This will likely be the first side quest you come across, unless you flee from Rattay immediately after waking up there. Once you’ve finished the intro and gathered your things, go and talk to Miller Peshek, who will give you this multi-part quest.

It seems you’ve racked up quite the debt by lying unconscious in his mill the past two weeks, which doesn’t exactly seem fair, but then it is the Middle Ages. Peshek wants you to repay the money he’s had to spend on herbalist appointments and whatnot, and if you want to be debt-free in 1403, you should get Peshek off your back ASAP. Unfortunately, the actions the miller requires of you are not exactly… savoury. Read the rest of this entry »

Have You Played… Disney’s Tarzan?


Have You Played? is an endless stream of game retrospectives. One a day, every day, perhaps for all time.

I started writing this thinking “neat, I get to celebrate a game where your only mode of attack is to pelt things with fruit”. Then I remembered that you do also have a knife in Disney’s Tarzan, and butchering cheetahs with sharp implements might not actually be all that child friendly. Read the rest of this entry »

Best PC gaming deals of the week

deus ex

I’ve been playing an obscene amount of Into The Breach. Right now, even the dystopian hellscape of a future ridden by awful bug monsters feels like top-tier escapism. And s peaking of escapism, it’s time for another batch of the week’s best PC gaming deals from around the web.

This particular set of deals is mostly digital, with a couple of cheeky techy bits thrown in for good measure. Some of these aredeals that’ll work in the UK, deals that’ll work in the US and some deals that will work in both the UK and US. Let’s get started.

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Don’t Buy ProFlightSimulator

proflightsimulator (1)

Judging by the “I fell for it too” messages still appearing regularly on flight sim forums, the shameless parasites behind ProFlightSimulator and its equally vile sibling VirtualPilot3D are still persuading unwary online punters to pay 67+ USD for an old, superficially tweaked version of FREE open-source flight sim FlightGear. In today’s Flare Path I examine some of the latest lies the ProFlightSimulator scammers are using to fleece fans of faux flight. Read the rest of this entry »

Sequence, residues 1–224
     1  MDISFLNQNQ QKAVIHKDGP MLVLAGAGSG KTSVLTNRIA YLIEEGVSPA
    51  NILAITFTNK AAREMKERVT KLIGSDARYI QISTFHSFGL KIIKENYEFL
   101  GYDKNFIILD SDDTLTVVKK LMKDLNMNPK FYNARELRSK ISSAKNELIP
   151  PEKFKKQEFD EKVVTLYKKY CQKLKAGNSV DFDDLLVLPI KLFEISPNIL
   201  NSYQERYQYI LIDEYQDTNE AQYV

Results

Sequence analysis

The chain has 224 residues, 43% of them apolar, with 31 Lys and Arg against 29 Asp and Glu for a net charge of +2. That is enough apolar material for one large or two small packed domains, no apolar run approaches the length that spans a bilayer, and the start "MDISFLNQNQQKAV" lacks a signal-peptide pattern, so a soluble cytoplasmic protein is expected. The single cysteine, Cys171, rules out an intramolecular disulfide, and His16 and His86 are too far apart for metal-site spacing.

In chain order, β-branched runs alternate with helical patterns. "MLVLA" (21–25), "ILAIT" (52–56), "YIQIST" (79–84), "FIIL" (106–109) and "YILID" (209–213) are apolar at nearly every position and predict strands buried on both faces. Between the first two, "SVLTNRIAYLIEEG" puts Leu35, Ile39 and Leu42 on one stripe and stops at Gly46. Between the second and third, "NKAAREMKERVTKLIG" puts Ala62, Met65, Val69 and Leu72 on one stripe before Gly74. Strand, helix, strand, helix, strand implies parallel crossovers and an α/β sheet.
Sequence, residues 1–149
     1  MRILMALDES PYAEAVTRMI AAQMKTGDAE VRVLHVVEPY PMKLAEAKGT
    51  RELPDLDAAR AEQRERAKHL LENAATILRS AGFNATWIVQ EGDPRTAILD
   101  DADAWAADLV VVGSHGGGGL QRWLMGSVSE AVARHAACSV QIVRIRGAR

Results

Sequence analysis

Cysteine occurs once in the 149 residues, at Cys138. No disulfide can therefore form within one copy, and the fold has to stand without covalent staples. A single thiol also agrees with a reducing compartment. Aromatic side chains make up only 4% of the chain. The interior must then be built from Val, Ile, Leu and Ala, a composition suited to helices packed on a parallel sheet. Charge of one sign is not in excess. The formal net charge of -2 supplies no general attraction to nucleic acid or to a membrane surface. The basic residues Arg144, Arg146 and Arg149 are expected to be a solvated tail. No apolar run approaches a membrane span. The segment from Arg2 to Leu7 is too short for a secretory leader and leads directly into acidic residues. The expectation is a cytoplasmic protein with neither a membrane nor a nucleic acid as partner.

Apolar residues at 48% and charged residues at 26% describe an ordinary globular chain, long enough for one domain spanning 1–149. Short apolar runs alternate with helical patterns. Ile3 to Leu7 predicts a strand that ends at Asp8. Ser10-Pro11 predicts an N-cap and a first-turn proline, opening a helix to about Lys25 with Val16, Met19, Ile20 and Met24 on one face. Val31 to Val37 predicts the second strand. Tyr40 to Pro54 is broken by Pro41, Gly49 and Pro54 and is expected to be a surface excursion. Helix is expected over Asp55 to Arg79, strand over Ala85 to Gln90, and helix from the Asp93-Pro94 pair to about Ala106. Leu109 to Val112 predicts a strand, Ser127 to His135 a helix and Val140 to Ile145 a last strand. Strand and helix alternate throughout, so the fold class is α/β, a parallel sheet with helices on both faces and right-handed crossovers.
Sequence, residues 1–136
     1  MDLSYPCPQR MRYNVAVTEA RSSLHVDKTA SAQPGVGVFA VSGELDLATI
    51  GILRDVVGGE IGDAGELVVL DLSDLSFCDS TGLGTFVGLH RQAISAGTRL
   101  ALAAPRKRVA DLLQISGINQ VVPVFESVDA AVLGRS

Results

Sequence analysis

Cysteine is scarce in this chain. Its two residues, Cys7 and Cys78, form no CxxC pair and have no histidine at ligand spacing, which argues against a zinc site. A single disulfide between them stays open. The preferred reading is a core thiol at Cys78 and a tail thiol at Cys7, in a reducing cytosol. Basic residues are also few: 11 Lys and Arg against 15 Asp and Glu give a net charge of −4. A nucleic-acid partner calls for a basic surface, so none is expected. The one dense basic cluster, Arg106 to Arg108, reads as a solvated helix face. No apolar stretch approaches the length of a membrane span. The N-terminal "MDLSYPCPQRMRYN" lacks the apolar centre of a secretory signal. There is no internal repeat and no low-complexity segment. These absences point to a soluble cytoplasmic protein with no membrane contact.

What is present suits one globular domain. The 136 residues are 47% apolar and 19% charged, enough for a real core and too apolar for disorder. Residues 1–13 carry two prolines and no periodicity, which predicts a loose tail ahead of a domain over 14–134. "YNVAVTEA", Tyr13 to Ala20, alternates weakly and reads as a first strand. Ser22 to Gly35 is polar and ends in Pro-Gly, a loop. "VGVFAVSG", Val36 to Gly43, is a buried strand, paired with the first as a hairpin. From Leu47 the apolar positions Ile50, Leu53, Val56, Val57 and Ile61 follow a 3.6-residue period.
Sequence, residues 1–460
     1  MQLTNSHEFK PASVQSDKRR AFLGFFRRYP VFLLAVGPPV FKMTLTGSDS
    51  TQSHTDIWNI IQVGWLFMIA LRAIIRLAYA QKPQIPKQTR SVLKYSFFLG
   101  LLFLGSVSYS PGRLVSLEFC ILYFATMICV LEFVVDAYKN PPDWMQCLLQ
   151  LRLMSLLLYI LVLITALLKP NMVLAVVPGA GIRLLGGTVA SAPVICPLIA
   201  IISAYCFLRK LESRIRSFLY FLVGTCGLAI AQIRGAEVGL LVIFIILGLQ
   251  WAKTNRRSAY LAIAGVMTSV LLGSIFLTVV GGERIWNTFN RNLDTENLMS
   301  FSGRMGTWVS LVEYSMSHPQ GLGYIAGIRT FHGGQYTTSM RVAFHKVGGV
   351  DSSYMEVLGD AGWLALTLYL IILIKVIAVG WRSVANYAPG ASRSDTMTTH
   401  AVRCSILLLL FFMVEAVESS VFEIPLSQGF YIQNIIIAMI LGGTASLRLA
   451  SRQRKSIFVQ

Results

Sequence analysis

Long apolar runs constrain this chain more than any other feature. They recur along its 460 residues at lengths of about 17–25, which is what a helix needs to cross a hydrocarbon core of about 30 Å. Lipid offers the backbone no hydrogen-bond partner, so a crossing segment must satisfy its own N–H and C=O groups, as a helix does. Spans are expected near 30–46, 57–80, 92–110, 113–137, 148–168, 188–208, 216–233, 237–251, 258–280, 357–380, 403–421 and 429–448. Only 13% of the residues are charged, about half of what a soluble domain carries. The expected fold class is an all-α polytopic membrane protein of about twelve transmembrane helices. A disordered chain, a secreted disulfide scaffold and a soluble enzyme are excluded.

Wot I Think: Final Fantasy XV Windows Edition


The story of Final Fantasy XV is a tricky one to unpick. There’s the story about how it took ten years to actually come out, transforming from a Final Fantasy XIII spin-off into the boyband roadtrip-stag-do adventure we know today. There’s also the story of what happened after it came out, where a large chunk of its third act was almost completely rewritten and streamlined after people started complaining about how linear it had suddenly become after spending hours and hours on the glorious open road.

Then there’s the story of the game itself, which, at this point, has been spread across so many different forms of media, including a film, four anime episodes, four bits of DLC, a mobile spin-off and a multiplayer expansion (with even more to come, no less), that only three people in the entire universe actually understand it and would be able to recite it to you from start to finish.

But the story of four lads saving their home from an invading imperial army isn’t really what Final Fantasy XV is about. In fact, it’s arguably the least memorable thing about it. That might sound blasphemous for a JRPG, where the story is traditionally one of the most important parts of a game, but every conservation I’ve had about Final Fantasy XV over the last sixteen months always boils down to one of three things: food, photos and friendship. And it’s those that make it one of the best and most interesting goddamn JRPGs of the last decade.